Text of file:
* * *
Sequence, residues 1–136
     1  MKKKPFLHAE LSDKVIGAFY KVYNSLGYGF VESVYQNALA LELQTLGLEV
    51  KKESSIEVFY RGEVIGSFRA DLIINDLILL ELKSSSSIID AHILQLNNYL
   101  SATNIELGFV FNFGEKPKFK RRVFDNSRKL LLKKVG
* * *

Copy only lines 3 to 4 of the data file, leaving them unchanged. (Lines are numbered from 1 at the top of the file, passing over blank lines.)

    51  KKESSIEVFY RGEVIGSFRA DLIINDLILL ELKSSSSIID AHILQLNNYL
   101  SATNIELGFV FNFGEKPKFK RRVFDNSRKL LLKKVG